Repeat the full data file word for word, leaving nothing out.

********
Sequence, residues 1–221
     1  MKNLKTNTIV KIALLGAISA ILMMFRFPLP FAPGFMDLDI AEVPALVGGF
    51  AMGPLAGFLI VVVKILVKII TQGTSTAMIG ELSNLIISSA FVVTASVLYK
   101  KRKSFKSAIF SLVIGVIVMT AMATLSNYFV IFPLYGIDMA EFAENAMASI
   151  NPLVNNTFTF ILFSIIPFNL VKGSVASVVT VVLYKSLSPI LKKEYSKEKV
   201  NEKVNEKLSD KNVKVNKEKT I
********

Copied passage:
Sequence, residues 1–221
     1  MKNLKTNTIV KIALLGAISA ILMMFRFPLP FAPGFMDLDI AEVPALVGGF
    51  AMGPLAGFLI VVVKILVKII TQGTSTAMIG ELSNLIISSA FVVTASVLYK
   101  KRKSFKSAIF SLVIGVIVMT AMATLSNYFV IFPLYGIDMA EFAENAMASI
   151  NPLVNNTFTF ILFSIIPFNL VKGSVASVVT VVLYKSLSPI LKKEYSKEKV
   201  NEKVNEKLSD KNVKVNKEKT I